KATHMANDU, Nepal- 81-year-old Nepali mountaineer Min Bahadur Sherchan and 80-year-old Japanese Yuichiro Miura are set to make an assault on Everest to secure the title of the world’s oldest person to scale the world’s highest peak. Officials said Miura is at Camp 2, while Sherchan has reached the base camp.
Sherchan had scaled Mt Everest on May 25, 2008, at the age of 76 years and 340 days and was officially recognised as the oldest person to climb the mountain by the Guinness World Records in November 2009.
Sherchan had replaced Miura in the Guinness Records. Miura had first climbed the peak in 2003 at the age of 70. He climbed Everest again in May 2008 when he was 75, but this time failed to set a record as he reached the summit a day after Sherchan achieved the feat at 76.
Sudarshan Gautam, a Nepali Canadian, plans to become the first amputee to climb the mountain to spread the message that “disability is not inability”. Gautam, 30, who lost both his hands at the age of in an accident, will climb Everest without the use of prosthetic limbs.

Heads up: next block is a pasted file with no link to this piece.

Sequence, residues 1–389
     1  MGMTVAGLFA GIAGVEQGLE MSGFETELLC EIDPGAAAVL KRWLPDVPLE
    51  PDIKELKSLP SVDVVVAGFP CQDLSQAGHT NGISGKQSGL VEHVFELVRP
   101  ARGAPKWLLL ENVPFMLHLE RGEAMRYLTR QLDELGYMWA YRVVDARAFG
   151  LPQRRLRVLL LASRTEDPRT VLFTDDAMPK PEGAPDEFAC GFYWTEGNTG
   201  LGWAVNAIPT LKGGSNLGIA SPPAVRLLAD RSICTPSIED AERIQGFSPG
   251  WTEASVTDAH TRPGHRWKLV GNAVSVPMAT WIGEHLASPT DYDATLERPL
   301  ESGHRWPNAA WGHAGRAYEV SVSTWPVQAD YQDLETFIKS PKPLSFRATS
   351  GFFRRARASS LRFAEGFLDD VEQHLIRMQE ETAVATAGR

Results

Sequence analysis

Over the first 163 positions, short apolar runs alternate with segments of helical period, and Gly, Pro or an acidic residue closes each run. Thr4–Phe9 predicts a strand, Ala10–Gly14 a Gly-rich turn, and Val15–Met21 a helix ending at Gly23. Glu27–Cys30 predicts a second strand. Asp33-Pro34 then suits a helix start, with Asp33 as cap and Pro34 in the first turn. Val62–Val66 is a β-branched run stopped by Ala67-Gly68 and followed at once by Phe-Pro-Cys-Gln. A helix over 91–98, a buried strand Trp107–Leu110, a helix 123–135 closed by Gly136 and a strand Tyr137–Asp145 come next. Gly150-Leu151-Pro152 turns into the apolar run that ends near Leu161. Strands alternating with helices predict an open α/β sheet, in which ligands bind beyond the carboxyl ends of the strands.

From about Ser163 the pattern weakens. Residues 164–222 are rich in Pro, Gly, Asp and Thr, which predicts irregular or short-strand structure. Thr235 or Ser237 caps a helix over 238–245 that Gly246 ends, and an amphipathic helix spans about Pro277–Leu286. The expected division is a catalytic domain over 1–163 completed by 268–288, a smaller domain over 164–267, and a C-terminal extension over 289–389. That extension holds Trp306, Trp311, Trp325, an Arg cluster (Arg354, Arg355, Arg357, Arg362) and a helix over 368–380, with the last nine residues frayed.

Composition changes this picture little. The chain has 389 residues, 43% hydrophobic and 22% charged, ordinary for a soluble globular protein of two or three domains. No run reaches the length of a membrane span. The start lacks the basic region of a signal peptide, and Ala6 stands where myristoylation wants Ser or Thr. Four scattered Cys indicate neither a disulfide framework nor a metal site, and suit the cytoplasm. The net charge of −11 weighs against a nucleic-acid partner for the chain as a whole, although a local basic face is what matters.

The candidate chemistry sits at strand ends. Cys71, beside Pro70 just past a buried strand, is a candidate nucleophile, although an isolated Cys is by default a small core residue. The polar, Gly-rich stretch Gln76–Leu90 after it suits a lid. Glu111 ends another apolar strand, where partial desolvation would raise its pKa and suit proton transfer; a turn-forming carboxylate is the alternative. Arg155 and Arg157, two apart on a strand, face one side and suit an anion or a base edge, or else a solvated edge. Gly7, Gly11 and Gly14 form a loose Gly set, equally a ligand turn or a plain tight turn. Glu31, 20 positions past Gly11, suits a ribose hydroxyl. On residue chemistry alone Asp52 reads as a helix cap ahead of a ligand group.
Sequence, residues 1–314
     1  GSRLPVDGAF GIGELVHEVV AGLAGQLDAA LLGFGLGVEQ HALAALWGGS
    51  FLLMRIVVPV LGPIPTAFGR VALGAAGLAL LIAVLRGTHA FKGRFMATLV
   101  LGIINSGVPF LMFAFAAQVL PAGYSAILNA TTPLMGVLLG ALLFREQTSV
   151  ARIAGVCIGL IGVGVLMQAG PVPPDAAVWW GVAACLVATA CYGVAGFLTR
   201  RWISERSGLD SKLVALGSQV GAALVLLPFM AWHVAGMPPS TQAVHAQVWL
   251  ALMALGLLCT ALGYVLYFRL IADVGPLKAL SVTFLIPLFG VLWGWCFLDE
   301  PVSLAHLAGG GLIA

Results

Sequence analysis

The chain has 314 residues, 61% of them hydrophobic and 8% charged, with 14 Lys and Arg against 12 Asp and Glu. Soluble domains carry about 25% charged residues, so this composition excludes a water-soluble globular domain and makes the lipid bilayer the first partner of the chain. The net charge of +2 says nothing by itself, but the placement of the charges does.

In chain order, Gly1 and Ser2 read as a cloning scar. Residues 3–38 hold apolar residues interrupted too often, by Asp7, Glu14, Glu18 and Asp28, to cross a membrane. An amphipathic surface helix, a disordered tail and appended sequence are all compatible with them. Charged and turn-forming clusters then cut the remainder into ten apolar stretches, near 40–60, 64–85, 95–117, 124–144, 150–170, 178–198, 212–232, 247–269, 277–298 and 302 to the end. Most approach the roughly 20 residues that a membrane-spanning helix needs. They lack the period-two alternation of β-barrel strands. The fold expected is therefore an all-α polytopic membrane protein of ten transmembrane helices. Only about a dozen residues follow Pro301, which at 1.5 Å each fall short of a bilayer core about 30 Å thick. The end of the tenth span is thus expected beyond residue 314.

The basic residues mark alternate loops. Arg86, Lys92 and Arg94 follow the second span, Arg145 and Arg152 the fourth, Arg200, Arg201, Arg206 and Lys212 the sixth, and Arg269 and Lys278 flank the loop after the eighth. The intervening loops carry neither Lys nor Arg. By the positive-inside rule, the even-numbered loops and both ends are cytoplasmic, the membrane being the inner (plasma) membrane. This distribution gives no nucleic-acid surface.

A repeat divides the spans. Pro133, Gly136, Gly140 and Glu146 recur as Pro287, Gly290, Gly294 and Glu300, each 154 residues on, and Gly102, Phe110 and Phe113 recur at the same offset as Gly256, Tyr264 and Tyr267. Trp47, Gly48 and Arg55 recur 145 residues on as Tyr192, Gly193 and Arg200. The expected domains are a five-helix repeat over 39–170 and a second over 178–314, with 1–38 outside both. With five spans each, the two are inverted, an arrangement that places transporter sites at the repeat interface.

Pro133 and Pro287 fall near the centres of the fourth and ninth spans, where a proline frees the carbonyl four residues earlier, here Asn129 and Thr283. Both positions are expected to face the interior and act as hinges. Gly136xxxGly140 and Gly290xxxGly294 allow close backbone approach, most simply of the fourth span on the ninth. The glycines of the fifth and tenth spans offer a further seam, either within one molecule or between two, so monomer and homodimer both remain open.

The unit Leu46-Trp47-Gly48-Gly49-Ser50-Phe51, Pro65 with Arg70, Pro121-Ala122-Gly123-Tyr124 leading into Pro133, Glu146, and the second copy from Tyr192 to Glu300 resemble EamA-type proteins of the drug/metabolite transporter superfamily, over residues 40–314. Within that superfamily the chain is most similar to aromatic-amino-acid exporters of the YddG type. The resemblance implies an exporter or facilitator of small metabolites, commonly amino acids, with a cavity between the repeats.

Meanwhile, Phurba Tashi Sherpa made his 20th Everest ascent on May 10, according to Ang Tshiring Sherpa. “He has planned to climb Everest for 21st time in a few days to equalize the world set by Apa Sherpa,” said Ang Tshiring. “And, if things go as planned, Phurba could make his third attempt this season to secure the world record title of the most Everest ascents.”
Apa is the only man in the history to reach the top of the world 21 times. Phurba climbed Everest three times in the 2007 season alone, and twice in 2011.
According to explorersweb.com, Spaniard Carlos Pauner is aiming to summit Everest and accomplish his pursuit of climbing all eight-thousanders without oxygen.
Three Sherpas and a foreigner have lost their lives at Everest so far this climbing season. Fifty-year-old Russian climber Alex Bolotov died last Wednesday in Khumbu icefall at 5600-metre, according to government officials. (With inputs from other media reports)